For most of us, our ancestors are a mystery. Even if we’re lucky enough to know their names, their biographical details are easily lost to time. I can only name one of my ancestors, a Union general in the Civil War named Thomas Rowley. His military career abruptly ended when he showed up to the Battle of Gettysburg drunk, was arrested by his own men, and later court-martialed. True story!
I’m just glad I’m not the only one bringing shame to the family name.
37-year-old Peruvian artist and photographer Christian Fuchs has an uncommonly close relationship with his ancestors. Being that he comes from a line of South American and European aristocrats, who regularly had their portraits painted, Christian grew up surrounded by the likenesses of his long-dead relatives. As a kid he would often wonder about these people’s lives–who they were, what they were like, how they lived. And that’s the inspiration for an art project where Christian recreates their portraits down to the smallest detail.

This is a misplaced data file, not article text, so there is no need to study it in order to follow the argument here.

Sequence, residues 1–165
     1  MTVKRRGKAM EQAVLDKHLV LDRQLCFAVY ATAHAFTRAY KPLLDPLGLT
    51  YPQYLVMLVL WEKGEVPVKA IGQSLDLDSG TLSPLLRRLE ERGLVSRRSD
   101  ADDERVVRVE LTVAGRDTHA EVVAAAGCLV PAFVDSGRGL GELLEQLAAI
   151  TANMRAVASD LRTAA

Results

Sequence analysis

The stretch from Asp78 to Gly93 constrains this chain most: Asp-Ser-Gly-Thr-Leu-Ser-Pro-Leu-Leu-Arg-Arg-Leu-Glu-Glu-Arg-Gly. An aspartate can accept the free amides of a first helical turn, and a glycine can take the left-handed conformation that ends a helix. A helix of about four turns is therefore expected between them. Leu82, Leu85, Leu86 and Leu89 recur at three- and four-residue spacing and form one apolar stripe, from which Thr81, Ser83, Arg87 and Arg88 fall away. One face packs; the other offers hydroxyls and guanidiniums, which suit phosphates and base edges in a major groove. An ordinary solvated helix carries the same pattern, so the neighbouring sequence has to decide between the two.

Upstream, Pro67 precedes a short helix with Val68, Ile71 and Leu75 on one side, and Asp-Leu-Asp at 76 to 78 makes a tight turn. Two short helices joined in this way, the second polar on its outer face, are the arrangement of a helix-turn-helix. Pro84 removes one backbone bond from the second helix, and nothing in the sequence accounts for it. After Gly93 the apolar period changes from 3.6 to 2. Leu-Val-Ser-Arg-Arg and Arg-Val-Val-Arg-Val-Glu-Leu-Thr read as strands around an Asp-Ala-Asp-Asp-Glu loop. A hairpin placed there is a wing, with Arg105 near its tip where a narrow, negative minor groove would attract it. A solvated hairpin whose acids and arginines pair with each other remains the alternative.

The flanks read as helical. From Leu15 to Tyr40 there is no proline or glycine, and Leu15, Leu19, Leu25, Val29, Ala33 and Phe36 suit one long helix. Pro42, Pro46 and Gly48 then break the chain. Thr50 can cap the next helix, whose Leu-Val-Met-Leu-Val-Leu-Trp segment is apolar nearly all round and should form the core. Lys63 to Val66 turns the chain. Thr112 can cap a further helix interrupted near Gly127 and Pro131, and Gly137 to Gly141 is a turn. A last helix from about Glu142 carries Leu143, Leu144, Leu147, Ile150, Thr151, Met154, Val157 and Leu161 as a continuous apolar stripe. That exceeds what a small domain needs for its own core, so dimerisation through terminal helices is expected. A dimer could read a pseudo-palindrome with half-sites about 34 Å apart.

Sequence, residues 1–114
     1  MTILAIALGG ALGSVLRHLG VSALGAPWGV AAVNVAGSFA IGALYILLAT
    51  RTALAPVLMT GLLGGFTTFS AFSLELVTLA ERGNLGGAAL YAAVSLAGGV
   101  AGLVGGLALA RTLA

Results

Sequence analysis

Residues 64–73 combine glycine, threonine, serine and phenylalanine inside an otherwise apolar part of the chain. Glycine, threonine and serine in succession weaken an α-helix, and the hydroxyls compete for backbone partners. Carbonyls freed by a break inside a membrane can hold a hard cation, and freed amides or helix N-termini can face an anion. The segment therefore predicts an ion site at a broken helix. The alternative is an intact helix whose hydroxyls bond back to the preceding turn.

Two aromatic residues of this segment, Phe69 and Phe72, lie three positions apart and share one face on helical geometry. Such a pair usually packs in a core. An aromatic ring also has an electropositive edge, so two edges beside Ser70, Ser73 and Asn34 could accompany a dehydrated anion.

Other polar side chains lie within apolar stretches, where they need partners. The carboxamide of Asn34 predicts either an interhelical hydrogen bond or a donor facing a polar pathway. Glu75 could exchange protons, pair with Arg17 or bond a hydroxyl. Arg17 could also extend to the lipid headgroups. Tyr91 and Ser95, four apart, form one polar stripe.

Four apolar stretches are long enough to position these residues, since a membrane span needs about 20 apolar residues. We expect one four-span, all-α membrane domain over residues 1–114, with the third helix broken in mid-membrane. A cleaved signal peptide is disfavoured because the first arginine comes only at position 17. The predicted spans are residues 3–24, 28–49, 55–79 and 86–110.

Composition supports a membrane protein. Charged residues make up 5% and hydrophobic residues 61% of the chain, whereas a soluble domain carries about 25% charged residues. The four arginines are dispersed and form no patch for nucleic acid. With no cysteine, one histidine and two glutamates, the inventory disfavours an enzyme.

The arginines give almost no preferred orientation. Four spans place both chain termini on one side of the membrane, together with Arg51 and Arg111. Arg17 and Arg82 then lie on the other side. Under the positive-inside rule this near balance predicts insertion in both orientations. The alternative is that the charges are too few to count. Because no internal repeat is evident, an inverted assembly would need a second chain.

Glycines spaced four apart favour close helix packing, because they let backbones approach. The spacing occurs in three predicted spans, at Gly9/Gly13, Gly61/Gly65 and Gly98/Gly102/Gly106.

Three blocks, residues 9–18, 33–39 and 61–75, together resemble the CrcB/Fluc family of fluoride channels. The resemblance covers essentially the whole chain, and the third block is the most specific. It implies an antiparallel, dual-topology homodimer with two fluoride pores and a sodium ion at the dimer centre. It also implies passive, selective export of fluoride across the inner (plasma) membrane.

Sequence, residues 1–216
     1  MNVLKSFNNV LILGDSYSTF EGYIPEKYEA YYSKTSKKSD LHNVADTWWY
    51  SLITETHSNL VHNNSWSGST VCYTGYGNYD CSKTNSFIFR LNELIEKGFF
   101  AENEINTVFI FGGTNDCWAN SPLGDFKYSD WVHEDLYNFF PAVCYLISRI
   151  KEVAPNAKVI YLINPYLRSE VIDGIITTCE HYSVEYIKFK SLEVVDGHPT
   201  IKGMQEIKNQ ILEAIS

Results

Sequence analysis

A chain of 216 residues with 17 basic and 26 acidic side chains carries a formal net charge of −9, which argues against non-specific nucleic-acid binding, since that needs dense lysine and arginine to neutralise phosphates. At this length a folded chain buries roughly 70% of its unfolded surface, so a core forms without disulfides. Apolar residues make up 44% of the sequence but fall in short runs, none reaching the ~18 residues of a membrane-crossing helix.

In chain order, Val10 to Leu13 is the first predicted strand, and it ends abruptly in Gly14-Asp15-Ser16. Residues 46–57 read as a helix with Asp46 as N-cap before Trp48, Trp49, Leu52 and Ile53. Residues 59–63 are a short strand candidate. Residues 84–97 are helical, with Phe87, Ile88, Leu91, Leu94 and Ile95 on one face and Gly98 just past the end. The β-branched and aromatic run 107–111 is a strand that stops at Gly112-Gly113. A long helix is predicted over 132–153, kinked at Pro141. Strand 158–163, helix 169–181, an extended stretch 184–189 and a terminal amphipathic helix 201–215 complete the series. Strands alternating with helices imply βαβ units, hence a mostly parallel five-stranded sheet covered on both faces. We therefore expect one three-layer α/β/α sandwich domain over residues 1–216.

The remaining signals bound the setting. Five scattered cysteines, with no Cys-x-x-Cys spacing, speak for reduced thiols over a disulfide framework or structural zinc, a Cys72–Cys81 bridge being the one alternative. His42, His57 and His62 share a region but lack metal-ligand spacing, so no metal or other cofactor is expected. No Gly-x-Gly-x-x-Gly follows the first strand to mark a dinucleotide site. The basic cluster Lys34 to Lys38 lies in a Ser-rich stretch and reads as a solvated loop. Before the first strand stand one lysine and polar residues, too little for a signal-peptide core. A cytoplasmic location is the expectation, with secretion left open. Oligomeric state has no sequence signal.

Christian begins the process by sourcing family letters, photographs, and heirlooms to gain a better understanding of his’ ancestors personalities. Then he assembles period-appropriate clothing and accessories–he even works with a local jeweler to make replicas of the bling his ancestors actually wore. Finally he takes the photo, and hangs it in a historically-accurate frame.
Check out the results of Christian’s labors below. If his ancestors could see them, surely they’d be impressed.
1. Who’s hungry for mutton chops?
2. Shades of Frida Kahlo.
3. This ancestor’s name was Lady Smug.
4. Making use of the fainting couch. Nice.
5. In the 18th century this is was considered a casual army uniform. The dress uniforms were even fancier.
6. Obligatory giant hoop dress.
7. A beard that long has many stories. Mainly about accidentally dipping it into a bowl of soup.
h/t: So Bad So Good